Microsoft: H-1B workers among those losing jobs
No legal obligation to keep U.S. workers over visa holders in layoff, says attorney
The company isn't detailing how many of the workers losing their jobs are in the U.S. on a visa, however.
Microsoft has been urged by Sen. Charles Grassley (R-Iowa), a leading critic of the H-1B program, to protect the jobs of U.S. workers over foreign workers. In a letter last week to Microsoft CEO Steve Ballmer, Grassley demanded that U.S. workers get priority in keeping their jobs.
But there is nothing in the law that requires a company to cut the jobs of H-1B workers before U.S. workers, said experts. David Kussin, an immigration attorney at Pillsbury Winthrop Shaw Pittman LLP, said, "In fact, the law is very well designed to say that you have to treat H-1Bs the same as U.S. citizens in all regards."
Grassley appears to acknowledge that fact in his letter to Ballmer, arguing that the company has a "moral obligation" to protect U.S. workers. He did not write of a legal obligation.
Microsoft will not disclose the number of H-1B workers on its payroll, and it is hard to get a complete picture on any company's visa use from the U.S. Citizenship and Immigration Services, but Microsoft is considered a leading H-1B employer.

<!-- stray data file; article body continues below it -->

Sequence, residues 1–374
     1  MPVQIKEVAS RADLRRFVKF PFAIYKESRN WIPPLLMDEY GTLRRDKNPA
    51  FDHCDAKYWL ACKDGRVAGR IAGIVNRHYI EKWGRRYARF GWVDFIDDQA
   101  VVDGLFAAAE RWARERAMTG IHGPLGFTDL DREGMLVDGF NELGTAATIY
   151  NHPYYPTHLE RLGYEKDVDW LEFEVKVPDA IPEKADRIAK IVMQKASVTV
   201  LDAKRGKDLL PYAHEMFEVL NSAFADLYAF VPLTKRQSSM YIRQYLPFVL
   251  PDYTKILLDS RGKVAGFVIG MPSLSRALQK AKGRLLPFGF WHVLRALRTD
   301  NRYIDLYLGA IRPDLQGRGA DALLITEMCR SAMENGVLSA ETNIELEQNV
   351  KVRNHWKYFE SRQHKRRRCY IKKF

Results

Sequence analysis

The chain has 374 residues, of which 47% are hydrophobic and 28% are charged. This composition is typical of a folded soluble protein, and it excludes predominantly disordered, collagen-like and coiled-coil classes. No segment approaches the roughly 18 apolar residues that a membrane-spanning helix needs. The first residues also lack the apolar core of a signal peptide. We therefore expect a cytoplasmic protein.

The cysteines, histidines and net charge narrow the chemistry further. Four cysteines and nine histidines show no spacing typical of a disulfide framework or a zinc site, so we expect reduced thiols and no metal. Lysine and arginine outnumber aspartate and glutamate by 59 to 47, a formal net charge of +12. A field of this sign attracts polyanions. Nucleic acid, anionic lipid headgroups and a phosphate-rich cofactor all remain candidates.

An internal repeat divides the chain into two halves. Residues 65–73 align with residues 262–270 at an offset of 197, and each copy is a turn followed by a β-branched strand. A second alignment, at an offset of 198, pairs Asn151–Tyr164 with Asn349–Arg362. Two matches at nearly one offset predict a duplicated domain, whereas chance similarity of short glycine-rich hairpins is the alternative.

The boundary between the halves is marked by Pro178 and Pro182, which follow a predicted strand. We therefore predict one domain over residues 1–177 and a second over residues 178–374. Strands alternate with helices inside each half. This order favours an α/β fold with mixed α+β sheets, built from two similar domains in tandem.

From available department data, in two years alone -- 2006 and 2007 -- it received approval for nearly 2,300 visas. In previous years, Microsoft has hired foreign workers under the H-1B program, which has been used heavily by technology companies since the 1990s.
The Washington Alliance of Technology Workers, or WashTech, a labor group in Seattle, said it is trying to determine how many foreign workers are being affected by the layoffs. "I know this is a secret they will try very hard to keep," said Priyanka Joshi, a spokeswoman for WashTech.
Citing an Indian press report that says Microsoft is not laying off employees at its India operations, Joshi said the move to lay off workers in the U.S. and not overseas "is completely unfair." A Microsoft representative could not be reached immediately to confirm those accounts.
Microsoft spokesman Lou Gellos said in a statement that the jobs cuts were "based on a detailed assessment of our current and future business opportunities."
"The initial reductions we announced affect employees in a number of business units, and a significant number of the affected employees are foreign citizens working in this country on a visa," Gellos said in the statement.
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